Isle of Man

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Date of travel

August, 2019

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Travelled with

Family including children under 16

Reasons for trip

I spent another two weeks on the Isle of Man with the family in August, based in Port Erin at the south of the Island. We were there the “previous year”: when I covered all the main historical attractions as well as using the steam train and Manx Electric Railway. I gave them a miss this year, apart from Peel Castle and Rushen Abbey which I love.

The weather wasn’t as good this year and we had one day of very heavy and persistent rain – an excellent reason to spend the day at the “Manx Museum”: in Douglas. This had been on the list last year but with two weerks of wall to wall sunshine, it seemed a shame to be inside. It is a verty well worth while visit and much better than “The House of Manannan”: in Peel which is full of visuals but little information. The Manx Museum is the place to go if you want to learn about Manx History.

Since the previous year, I’d had a knee replacement so was able to WALK! this meant that I could now get to places which had been too far from public transport the previous year. I was able to walk to the delightful “St Adamnan’s Church”: with its C6th Cross still standing in the churchyard. Another day I walked to the equally isolated “Old Church of St Runius.”:

“Braddan Old Church”: with its unspoilt Georgian interior and Celtic crosses was another highlight.

I was also able to walk to find the isolated “Cashtal yn Ard,”: one of the largest and best preserved Neolithic burrows in Britain, along with “Ballafayle Cairn”: with the tiny and forgotten “Quaker Burial Ground.”:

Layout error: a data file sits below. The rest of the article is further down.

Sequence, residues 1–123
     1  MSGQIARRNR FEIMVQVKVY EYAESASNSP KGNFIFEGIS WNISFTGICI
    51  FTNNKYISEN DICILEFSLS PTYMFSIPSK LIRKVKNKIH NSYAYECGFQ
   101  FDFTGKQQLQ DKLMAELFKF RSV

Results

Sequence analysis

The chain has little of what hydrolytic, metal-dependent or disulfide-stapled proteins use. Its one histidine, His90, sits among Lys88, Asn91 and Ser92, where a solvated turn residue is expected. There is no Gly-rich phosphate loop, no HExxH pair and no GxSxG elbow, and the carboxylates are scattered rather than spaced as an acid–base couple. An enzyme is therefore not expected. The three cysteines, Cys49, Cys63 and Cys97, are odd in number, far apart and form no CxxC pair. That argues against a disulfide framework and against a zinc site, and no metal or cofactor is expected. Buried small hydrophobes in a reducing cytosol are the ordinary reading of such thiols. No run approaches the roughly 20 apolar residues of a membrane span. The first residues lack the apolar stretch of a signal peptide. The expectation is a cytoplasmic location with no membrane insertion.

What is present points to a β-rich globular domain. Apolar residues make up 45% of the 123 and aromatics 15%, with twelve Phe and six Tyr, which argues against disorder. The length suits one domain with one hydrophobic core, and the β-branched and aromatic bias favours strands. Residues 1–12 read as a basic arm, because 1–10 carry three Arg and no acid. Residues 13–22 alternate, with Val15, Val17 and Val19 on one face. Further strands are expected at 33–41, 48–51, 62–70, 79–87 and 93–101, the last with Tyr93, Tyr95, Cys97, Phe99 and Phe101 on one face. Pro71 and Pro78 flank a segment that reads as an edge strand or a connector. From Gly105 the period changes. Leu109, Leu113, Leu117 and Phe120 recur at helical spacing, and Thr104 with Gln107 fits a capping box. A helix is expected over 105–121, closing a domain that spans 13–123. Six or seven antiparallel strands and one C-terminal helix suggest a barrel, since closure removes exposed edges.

The Celtic and Norse Settlements at “The Braaid”: were another highlight.

There is loads of walking on the Isle of Man from the serious long distance routes of “Raad ny Foillan,”: the footpath round the coast. “Bayr ny Skeddan,”: the Herring Road goes from Castletown to Peel. “The Millennium Way”: is a cross country route from Castletown to Ramsey.

There are also many shorter routes which can either be done as a circular or one way using public transport. I did several of these. The climb to the top of “Bradda Head”: was my first and it was wonderful to be on top of a hill again (even though it wasn’t a very high one! The views were superb and this was a highlight of the holiday.

Then there was the “walk”: from Cregneash to the Chasms and onto Port St Mary.

I also walked from Balladoole to Castletown which took me past “Chapel Hill”: which is possibly the most important archaeological site on the Island and then past “Scarlet Point,”: important for its geology.

Another “walk”: I enjoyed was from Castletown to St Michael’s Isle. I was tempted to extend this to include all of the Langness Peninsula but decided the knees weren’t quite that good!

Then there are the Glens which were developed as tourist attractions for the Holiday Makers who were charged to enter. Now they are in the care of Manx Government and free to enter. Visitors can still enjoy attractions like the wonderful Victorian roundabout powered by a waterwheel in “Silverdale Glen.”: The small waterwheel at “Groudle Glen”: has recently been demolished as unsafe, although there are plans to rebuild it. “The Groudle Glen Railway”: still runs although the zoo with polar bears and sea lions is long gone…

Other glens like “Ballaglass”: are all about scenery. This is one of the more dramatic glens with the stream falling down through a series of small waterfalls and gorges. It is particularly impressive after rain.

I had no difficulty in filling the fortnight and still have things on the list for another visit…. If you’ve never been to the Isle of Man, I can whole heartedly recommend it. It is a “wonderful place”: and crams so much into a small area. There really is something for everyone. It is also wonderfully laid back and the people are so friendly and welcoming. “Public Transport”: is so good you don’t actually need a car. And finally don’t forget to say ‘hello’ to the little people as you cross the “Fairy Bridge….”:


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